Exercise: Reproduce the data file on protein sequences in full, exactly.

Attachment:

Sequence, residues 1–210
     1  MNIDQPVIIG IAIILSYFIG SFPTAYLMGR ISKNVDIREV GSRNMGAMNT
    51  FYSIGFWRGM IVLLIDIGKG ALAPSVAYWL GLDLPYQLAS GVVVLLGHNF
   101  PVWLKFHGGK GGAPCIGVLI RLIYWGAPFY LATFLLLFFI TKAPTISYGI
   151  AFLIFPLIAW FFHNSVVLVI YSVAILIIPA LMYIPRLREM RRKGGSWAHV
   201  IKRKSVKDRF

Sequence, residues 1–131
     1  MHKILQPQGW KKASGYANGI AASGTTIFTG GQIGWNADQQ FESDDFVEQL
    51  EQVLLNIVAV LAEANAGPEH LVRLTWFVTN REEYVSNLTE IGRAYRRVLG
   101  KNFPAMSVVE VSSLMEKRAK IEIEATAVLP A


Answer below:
Sequence, residues 1–210
     1  MNIDQPVIIG IAIILSYFIG SFPTAYLMGR ISKNVDIREV GSRNMGAMNT
    51  FYSIGFWRGM IVLLIDIGKG ALAPSVAYWL GLDLPYQLAS GVVVLLGHNF
   101  PVWLKFHGGK GGAPCIGVLI RLIYWGAPFY LATFLLLFFI TKAPTISYGI
   151  AFLIFPLIAW FFHNSVVLVI YSVAILIIPA LMYIPRLREM RRKGGSWAHV
   201  IKRKSVKDRF

Sequence, residues 1–131
     1  MHKILQPQGW KKASGYANGI AASGTTIFTG GQIGWNADQQ FESDDFVEQL
    51  EQVLLNIVAV LAEANAGPEH LVRLTWFVTN REEYVSNLTE IGRAYRRVLG
   101  KNFPAMSVVE VSSLMEKRAK IEIEATAVLP A